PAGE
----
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Vol. 69. Issue 10.
Pages 998-999 (October 2016)
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Vol. 69. Issue 10.
Pages 998-999 (October 2016)
Letter to the Editor
DOI: 10.1016/j.rec.2016.07.002
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About Rapid Aspirin Desensitization in Coronary Artery Disease Patients. Response
A propósito de la desensibilización rápida al ácido acetilsalicílico de pacientes con cardiopatía isquémica. Respuesta
Berta Vega Hernández
Corresponding author

Corresponding author:
, Roi Bangueses Quintana, Beatriz Samaniego Lampón, Íñigo Lozano Martínez-Luengas
Servicio de Cardiología, Hospital de Cabueñes, Gijón, Spain
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Rev Esp Cardiol. 2016;69:99810.1016/j.rec.2016.06.007
Ángel Morales Martínez de Tejada, María del Pilar Abaurrea-Ortiz
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To the Editor,

We appreciate the interest shown by Morales Martínez de Tejada et al., and we would like to offer some further comments on the points they raised. Regarding the uncertainty as to whether patients had aspirin hypersensitivity, it is true that this cannot be confirmed. Yet this is also the case for most other drug hypersensitivity reactions, for which the history is the main, or even the only, diagnostic tool. However, the protocol developed in collaboration with the allergy service allowed patients to be selected using a carefully taken history. In fact, several patients were excluded due to a low probability of hypersensitivity. It is also true that our study did not include patients with severe reactions to aspirin, but, according to the references consulted, there have been no convincing cases identified of immunoglobin E-mediated anaphylaxis.1 The desensitization protocol, which used lysine acetylsalicylate, was performed in the acute care unit, with hemodynamic monitoring and with medical personnel present who were trained to treat the possible complications, given that the effects and pharmacokinetics of lysine acetylsalicylate are not identical to those of aspirin, and that many of the patients had acute coronary syndrome. Our view is that unstable patients are precisely those who could benefit most from aspirin desensitization, as delays in coronary angioplasty could have adverse consequences in such patients. In fact, other hospitals with protocols similar to ours have shown the procedure to be safe, and different published studies have included increasingly greater numbers of patients with acute coronary syndrome.2 The risks of aspirin desensitization are minimized by a careful history, close collaboration with the allergy service, and monitoring the patients in acute cardiac care units. In addition, since it is impossible to confirm whether patients have true aspirin hypersensitivity, many of those included will have a low level of risk. Thus, early angioplasty can be performed for patients with limited treatment options. Nonetheless, we share Morales Martínez de Tejada's et al. opinion that more studies on aspirin desensitization are needed if this technique is to be incorporated into everyday clinical practice.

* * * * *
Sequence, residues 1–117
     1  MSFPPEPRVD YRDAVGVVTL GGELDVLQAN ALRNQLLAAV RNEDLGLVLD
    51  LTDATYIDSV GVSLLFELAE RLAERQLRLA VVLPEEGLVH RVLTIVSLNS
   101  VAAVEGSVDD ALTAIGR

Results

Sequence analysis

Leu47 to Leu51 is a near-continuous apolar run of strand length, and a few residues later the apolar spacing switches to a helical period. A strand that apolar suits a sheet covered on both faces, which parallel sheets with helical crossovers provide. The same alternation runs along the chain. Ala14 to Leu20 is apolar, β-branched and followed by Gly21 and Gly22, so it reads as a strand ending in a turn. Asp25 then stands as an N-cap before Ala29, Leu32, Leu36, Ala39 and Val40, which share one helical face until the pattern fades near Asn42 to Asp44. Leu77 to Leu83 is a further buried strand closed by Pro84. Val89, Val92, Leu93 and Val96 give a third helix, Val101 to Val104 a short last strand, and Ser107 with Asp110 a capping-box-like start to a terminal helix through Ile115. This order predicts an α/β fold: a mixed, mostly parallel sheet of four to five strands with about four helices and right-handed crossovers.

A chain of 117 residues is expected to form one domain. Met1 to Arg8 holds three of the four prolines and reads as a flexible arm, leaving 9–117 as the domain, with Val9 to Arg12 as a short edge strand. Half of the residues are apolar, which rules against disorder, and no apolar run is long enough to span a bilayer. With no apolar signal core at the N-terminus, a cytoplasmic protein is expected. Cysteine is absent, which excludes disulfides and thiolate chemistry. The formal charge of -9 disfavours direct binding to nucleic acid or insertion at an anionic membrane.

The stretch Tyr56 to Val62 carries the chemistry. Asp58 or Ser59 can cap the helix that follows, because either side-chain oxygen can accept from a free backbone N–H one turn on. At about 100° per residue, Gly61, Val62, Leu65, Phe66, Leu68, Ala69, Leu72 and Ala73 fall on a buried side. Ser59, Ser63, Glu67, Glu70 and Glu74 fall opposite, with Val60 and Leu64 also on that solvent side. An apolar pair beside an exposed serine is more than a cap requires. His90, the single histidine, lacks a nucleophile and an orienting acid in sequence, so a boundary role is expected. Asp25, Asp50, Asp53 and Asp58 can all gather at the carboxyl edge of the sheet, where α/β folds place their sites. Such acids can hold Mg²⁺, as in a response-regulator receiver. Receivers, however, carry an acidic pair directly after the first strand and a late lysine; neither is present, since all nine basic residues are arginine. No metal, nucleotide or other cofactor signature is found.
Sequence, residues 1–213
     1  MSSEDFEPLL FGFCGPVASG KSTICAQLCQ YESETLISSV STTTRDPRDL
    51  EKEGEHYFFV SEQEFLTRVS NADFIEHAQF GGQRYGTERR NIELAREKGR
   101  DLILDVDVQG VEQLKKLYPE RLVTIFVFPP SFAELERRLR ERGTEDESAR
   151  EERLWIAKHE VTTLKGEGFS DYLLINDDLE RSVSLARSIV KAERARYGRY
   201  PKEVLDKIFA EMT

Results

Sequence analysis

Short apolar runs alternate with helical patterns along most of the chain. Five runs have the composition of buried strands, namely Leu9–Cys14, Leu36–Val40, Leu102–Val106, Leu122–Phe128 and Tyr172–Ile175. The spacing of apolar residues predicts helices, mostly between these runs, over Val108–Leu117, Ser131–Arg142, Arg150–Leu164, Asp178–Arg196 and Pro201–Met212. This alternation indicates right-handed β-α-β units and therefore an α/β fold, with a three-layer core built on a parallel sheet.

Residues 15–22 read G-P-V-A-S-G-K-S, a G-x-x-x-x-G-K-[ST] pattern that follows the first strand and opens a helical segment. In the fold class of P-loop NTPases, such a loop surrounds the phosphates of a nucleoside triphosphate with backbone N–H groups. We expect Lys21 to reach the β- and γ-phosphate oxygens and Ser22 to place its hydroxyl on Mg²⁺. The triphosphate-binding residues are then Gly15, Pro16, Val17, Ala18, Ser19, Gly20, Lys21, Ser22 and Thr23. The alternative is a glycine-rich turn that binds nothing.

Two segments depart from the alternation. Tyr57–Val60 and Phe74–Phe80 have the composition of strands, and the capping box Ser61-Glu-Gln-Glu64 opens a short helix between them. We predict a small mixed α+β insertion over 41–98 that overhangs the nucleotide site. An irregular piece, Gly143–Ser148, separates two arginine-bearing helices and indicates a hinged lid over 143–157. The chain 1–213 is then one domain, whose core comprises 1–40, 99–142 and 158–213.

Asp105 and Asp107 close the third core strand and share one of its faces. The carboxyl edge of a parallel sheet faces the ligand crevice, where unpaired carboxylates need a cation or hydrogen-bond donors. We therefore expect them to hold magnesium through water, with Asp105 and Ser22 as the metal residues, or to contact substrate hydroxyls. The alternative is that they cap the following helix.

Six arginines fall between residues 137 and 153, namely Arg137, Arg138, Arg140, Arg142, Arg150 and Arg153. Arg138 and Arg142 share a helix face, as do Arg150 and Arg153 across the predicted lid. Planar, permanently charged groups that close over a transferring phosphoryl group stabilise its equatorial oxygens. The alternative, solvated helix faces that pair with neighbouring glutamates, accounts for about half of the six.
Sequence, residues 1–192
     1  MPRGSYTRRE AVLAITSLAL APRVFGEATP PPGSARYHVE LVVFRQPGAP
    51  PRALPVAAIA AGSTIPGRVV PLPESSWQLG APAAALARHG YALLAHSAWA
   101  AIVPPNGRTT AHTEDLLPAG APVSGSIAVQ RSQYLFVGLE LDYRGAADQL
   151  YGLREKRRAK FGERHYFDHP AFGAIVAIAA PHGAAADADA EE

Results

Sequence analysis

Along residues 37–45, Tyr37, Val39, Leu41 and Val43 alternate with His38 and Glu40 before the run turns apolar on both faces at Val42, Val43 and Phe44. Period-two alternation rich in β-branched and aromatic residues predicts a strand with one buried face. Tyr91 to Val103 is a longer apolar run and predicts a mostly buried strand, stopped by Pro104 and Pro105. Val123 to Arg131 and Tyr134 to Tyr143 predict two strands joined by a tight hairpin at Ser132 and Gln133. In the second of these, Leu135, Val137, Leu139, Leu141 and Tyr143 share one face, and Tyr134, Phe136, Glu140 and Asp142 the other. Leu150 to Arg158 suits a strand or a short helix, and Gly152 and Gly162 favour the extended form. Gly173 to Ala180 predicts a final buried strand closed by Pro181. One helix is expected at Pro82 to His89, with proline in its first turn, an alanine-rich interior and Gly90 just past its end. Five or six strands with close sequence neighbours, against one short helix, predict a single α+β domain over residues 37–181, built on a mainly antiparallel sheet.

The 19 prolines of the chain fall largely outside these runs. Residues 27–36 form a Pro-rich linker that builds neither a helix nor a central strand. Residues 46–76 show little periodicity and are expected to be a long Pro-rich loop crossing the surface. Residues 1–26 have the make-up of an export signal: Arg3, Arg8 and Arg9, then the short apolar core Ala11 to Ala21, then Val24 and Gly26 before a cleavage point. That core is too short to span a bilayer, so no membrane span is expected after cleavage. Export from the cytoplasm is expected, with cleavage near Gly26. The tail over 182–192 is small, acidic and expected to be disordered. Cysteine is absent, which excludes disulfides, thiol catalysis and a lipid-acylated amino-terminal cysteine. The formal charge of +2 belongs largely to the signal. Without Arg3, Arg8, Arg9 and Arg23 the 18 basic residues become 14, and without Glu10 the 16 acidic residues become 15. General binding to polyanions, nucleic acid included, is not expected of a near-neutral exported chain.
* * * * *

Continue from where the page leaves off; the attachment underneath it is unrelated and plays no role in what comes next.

M.V. Aun, M. Blanca, L.S. Garro, M.R. Ribeiro, J. Kalil, A.A. Motta, et al.
Nonsteroidal anti-inflammatory drugs are major causes of drug-induced anaphylaxis.
J Allergy Clin Immunol Pract., 2 (2014), pp. 414-420
M. Bianco, A. Bernardi, F. D’Ascenzo, E. Cerrato, P. Omedè, A. Montefusco, et al.
Efficacy and safety of available protocols for aspirin hypersensitivity for patients undergoing percutaneous coronary intervention.
Circ Cardiovasc Interv., 9 (2016), pp. e002896
Copyright © 2016. Sociedad Española de Cardiología
Revista Española de Cardiología (English Edition)

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